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In the name of oil, gas and politics
                                                                                     By  Sunny Oputa


Beyond the capital cities of most African countries, especially the oil-producing enclave life is like a dimmed light. Citizens of such resource-rich economies have continued to grope in darkness orchestrated by adverse poverty and lack of infrastructures such as electricity which supposedly should be powered by the same hydrocarbon that the nations have claim to as their natural resources.


The disappointing level of development in these  African regions were the attractive wealth of oil was supposed to overhaul has become an issue of major concern to most economist, policymakers and analysts, making the   problem of “Dutch Disease” among resource-rich economies  a puzzle too complex to be solved and a maze walk.


Among core macro-economic and institutional problems that are prevalent in these large-scale producing, but poor nations are apparent myopic views on the part of the system in not diversifying their economies. In nations were oil is produced in Africa, the only viable industry is the oil and gas sector which fuels about 85% of the GDP of the various countries. Agriculture, manufacturing, construction, services are not in the economic development equations.


The inabilities to develop other vital economic sectors have stymied growth and push every employable citizen to only the oil/gas industry. And for such countries where oil and gas remain the economic wealth basket, the industry is highly controlled by the governments, thereby making politics a predominant part of the business tripartite. In this vein, business and employment activities in most African nations sit on the tripod of oil, gas and politics. Therefore, any soul that misses this trinity is “dead”. As the souls of the citizens of the rich oil-patch regions languish and die, so the national economies continue to nose-dive into comatose, plunging their nations into multi-faceted crisis.


It is so glaring that governments are not fully equipped to run businesses commercially and in a competitive global economy. However, governments can create enabling and sustainable environments for rapid economic growth through good governance, accountable and equitable distribution of national wealth, provision of infrastructures. Yet, these ingredients are lacking in the government menu. These lack or negligence has begin to trigger humongous strife, internecine  and social disorder in the region  in the way of struggle of who controls what and a didactic push for resource nationalism. There is a new conscious awakening among people with a diversified interpretation of what government and politics means in regional existence and the role of the various pooblahs in the control of the national wealth. Sometimes, misinterpretation of government intentions and every day bleak outlook of live that spurs macabre dance have created a big gulf and lack of trust between government and the people. Now, be it in Nigeria where the incessant cataclysm in the Niger Delta cannot be simply doused or in Niger where a coup saw the removal of the president or in Guinea and South Sudan, name it the war pointer is how to have control on politics in order to control the sole resources of oil and gas.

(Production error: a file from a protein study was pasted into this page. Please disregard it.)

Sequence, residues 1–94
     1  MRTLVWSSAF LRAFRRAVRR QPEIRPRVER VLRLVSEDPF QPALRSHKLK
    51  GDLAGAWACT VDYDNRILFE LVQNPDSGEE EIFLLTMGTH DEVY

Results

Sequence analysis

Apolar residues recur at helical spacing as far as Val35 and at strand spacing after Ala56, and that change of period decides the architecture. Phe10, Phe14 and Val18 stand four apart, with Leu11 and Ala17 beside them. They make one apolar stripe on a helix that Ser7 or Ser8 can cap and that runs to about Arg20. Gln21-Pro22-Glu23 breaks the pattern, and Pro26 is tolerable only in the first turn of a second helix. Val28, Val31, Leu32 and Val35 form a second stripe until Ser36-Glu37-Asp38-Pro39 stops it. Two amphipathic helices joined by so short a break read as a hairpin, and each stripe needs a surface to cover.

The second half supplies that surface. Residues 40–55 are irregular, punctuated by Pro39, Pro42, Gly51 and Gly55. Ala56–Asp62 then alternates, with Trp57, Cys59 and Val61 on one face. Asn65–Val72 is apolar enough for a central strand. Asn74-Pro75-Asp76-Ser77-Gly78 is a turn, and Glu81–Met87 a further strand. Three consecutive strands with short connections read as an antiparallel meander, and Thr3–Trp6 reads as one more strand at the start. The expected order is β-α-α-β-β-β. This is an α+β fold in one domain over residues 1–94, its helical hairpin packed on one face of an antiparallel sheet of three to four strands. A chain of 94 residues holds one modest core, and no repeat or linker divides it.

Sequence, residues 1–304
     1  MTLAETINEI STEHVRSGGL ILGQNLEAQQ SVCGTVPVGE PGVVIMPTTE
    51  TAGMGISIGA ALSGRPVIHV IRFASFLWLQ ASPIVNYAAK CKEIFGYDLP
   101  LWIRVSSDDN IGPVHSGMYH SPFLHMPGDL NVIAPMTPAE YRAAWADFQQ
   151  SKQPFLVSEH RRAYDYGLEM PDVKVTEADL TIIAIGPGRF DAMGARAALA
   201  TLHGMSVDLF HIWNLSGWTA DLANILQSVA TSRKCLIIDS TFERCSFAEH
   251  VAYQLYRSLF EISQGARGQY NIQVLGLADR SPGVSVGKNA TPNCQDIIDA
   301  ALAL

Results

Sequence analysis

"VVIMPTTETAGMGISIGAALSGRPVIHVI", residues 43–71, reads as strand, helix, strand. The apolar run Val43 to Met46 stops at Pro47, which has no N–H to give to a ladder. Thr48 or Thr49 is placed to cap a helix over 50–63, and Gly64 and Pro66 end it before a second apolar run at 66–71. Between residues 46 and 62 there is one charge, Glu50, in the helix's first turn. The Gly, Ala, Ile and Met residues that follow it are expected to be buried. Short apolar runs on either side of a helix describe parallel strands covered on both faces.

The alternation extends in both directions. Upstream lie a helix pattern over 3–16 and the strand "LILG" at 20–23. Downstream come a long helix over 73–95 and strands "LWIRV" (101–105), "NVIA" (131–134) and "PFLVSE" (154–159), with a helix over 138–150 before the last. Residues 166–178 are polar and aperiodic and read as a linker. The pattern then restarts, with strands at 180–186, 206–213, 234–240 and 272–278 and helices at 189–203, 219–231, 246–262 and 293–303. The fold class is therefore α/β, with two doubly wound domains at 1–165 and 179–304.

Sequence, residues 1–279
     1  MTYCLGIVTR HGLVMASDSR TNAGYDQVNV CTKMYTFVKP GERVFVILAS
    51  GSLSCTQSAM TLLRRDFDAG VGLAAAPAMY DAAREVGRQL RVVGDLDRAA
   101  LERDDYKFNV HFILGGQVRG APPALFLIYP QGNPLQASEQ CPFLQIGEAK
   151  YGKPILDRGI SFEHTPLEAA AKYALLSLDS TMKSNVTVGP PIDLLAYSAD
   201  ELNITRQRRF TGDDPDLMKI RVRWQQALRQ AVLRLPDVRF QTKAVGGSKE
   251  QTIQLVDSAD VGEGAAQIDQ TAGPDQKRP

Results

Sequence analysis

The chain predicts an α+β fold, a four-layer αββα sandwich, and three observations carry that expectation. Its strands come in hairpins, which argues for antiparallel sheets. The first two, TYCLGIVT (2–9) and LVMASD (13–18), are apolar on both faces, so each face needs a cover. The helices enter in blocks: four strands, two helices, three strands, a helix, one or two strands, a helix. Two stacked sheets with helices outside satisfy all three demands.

This trend poses an ugly specter and is destroying the survival and development of the region.  The way and manner the intensity of the struggle and chaos that surrounds the business of oil, gas and politics makes the building up of the great tornado which is about hitting most African nations inform of deadly internal clashes and war and should be averted. One of the solutions is for African governments to come to the understanding that politics is local and development should also be locally based. This entails that the simplified definition of politics as “who gets what, how, and when” should be equitably done through proper distribution of wealth and good governance. The rising price of oil is creating a new wave of wealth which resource-rich nations can capitalize and use to start creating infrastructure for development and push macroeconomic programs that would encourage diversification of its economies. 


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